The rise in the Euro’s value against the dollar and yen is a licence to print money for some, but the ECB met EU finance ministers today in some frustration. A strong euro hits exports, and its surge in recent days to a 20-month high against the greenback, and a record peak in Japan, means some are questioning rising interest rates.
The Euro is on an inexorable eleven month rise: neither strong US growth, war, nor exploding energy and commodity prices have blown it off course. 11 percent up on the year, two percent since last Wednesday and a rosier outlook for the German economy; so some say the ECB should rule out another rates rise in December, with another pencilled in for the first quarter of the new year.
Eurozone ministers are torn between growth and allowing the ECB to carry out its inflation-hunting role; none more so than France, whose trade minister was echoed by finance minister Thierry Breton on Monday. He called for “ collective vigilance” from eurozone members. “A strong euro impedes the eurozone”, he reportedly added.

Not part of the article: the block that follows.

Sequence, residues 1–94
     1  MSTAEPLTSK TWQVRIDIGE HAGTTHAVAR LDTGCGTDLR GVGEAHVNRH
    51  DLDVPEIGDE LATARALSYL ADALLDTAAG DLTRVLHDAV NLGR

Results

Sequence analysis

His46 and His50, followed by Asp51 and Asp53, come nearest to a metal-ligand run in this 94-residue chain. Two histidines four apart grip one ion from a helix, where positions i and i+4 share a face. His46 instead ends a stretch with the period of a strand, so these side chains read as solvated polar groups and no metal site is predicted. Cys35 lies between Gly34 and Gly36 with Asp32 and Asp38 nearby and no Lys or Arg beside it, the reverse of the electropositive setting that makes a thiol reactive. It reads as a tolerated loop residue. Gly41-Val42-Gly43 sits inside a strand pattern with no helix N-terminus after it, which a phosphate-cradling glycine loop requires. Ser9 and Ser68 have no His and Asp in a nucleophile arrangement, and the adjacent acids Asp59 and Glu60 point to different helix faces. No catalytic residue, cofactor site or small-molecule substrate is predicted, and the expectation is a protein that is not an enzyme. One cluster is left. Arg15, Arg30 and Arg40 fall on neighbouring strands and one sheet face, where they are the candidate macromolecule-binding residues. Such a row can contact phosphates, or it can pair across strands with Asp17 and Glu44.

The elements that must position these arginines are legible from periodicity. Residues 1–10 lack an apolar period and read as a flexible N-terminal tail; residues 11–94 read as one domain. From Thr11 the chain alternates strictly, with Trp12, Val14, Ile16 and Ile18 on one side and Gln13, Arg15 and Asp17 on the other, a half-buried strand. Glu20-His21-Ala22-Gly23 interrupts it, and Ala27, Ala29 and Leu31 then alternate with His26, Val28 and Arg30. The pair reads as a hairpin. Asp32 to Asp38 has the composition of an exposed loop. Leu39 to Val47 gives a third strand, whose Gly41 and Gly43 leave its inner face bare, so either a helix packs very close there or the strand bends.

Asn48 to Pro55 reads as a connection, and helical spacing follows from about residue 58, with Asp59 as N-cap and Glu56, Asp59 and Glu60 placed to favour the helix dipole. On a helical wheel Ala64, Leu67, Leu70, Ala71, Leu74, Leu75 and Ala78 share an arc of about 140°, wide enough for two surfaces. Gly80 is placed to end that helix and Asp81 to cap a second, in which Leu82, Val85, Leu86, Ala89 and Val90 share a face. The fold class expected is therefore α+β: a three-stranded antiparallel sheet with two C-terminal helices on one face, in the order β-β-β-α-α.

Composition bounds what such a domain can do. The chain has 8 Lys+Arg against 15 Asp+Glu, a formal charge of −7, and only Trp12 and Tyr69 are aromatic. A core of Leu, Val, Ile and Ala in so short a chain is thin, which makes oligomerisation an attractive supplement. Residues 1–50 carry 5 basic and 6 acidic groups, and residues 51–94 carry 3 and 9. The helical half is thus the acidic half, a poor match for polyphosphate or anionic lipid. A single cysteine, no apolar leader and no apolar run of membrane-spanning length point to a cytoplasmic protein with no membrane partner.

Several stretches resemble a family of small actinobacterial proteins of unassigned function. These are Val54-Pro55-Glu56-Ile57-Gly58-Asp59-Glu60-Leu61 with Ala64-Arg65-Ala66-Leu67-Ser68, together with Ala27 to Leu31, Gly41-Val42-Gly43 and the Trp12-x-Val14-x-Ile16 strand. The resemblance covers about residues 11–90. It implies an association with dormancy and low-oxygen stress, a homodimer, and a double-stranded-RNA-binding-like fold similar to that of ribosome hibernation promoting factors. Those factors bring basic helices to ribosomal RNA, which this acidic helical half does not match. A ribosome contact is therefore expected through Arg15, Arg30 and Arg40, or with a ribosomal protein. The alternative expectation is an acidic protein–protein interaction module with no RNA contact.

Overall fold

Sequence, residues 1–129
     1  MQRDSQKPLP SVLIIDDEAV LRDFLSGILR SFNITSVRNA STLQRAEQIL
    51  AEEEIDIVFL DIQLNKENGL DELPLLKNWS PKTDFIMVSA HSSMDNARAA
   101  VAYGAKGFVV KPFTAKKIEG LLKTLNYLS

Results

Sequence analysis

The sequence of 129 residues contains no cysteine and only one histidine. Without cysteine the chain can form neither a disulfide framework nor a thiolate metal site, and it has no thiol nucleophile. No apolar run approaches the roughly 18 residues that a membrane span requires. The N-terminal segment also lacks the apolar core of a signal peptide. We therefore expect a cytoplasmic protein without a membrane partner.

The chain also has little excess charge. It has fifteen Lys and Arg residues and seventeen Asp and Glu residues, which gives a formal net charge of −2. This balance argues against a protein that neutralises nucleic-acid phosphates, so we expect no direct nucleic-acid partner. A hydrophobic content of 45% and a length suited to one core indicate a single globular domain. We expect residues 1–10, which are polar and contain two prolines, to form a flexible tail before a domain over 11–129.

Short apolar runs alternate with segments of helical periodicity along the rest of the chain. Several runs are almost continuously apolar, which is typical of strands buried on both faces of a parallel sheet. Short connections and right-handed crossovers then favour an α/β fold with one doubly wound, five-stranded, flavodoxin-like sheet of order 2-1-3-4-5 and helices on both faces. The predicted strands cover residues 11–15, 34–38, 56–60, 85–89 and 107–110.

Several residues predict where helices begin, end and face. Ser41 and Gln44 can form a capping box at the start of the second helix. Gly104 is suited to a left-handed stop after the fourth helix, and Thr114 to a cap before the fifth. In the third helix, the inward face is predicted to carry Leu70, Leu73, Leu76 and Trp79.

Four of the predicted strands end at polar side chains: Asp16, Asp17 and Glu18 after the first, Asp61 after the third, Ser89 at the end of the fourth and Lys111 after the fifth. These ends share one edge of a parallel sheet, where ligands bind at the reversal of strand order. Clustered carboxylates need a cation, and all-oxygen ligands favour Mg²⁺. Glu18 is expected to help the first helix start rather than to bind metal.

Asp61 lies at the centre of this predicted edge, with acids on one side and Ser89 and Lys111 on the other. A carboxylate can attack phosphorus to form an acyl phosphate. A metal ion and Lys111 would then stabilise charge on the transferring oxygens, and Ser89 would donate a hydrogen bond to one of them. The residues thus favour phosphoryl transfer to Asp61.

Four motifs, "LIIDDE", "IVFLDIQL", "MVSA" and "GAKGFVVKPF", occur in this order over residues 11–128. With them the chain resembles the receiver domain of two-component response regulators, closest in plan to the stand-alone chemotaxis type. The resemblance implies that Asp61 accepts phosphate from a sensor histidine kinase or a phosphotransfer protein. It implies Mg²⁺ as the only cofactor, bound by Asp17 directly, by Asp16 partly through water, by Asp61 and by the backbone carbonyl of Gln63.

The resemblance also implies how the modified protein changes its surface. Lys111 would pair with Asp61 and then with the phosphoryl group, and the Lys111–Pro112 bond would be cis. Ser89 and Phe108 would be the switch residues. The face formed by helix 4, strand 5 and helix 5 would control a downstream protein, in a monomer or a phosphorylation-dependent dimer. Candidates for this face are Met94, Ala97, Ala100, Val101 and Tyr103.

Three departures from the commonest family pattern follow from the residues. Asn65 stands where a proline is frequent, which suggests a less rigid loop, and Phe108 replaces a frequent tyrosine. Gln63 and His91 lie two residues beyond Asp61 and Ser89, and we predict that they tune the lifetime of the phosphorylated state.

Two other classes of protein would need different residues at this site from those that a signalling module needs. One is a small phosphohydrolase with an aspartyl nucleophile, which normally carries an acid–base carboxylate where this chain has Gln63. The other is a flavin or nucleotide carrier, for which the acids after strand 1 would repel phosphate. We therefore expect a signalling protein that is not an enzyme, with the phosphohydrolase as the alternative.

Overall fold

From the meeting Eurogroup chair Jean Claude Junker insisted things were “lengths away from the critical zone” and said he was “not too concerned by the current strength of the euro”. The ECB itself insists all its options are open for 2007, when it predicts eurozone growth will slow from two point five to two point one percent.